Ottawa to consider scrapping mandatory gun registration after deadly mass shooting
Ottawa (Reuters) – The federal government is considering scrapping the mandatory gun register that is used to track weapons and ammunition used in mass shootings, as Ottawa tries to reduce gun violence amid the opioid crisis.
The registry was designed to identify people who may have obtained a firearm through a criminal or terrorist act, as well as those who have purchased a firearm after committing an assault or other crime.
However, in recent months there have been at least nine cases of firearms owners using the registry to acquire firearms without being charged with a crime.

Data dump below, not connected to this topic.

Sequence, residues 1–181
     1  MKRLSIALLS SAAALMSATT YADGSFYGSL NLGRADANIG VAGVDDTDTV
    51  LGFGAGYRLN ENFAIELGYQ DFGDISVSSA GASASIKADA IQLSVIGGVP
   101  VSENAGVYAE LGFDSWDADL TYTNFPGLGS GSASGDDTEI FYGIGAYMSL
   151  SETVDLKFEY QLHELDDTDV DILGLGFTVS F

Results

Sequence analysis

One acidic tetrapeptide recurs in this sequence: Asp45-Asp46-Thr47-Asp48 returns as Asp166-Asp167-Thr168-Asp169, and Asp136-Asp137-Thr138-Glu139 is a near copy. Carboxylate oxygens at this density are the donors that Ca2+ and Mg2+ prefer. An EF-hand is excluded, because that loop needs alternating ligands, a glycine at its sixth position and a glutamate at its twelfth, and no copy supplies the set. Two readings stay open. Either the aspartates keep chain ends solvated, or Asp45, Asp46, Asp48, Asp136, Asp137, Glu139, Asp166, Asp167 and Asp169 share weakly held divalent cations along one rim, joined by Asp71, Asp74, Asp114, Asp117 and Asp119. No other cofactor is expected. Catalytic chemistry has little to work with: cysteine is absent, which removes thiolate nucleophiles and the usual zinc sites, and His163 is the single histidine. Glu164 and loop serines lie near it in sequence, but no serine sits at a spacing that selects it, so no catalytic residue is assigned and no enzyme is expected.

The Conservative government has also announced a proposal to require background checks on those buying firearms, as the Liberals and NDP have previously proposed.
“We are considering whether to make changes to the existing registration system,” said Environment Minister Kirsty Duncan, a Conservative.
Duncan said Ottawa would consult with experts on what other steps to take to improve the registry.
She did not say whether any changes would be implemented in the near future.
In the past year, more than 100 people have died at the hands of other people in Canada, mostly in shootings.
More than 30,000 people have been injured in Canada’s firearm violence crisis, according to the Canadian Centre for Justice Statistics.
Gun-control advocates have said the registry would make it harder for law-abiding people to buy guns and make it easier for criminals to obtain guns.
Gun owners, who typically register their firearms in a centralized system that is overseen by the RCMP, are concerned that such a system would slow the flow of new gun purchases.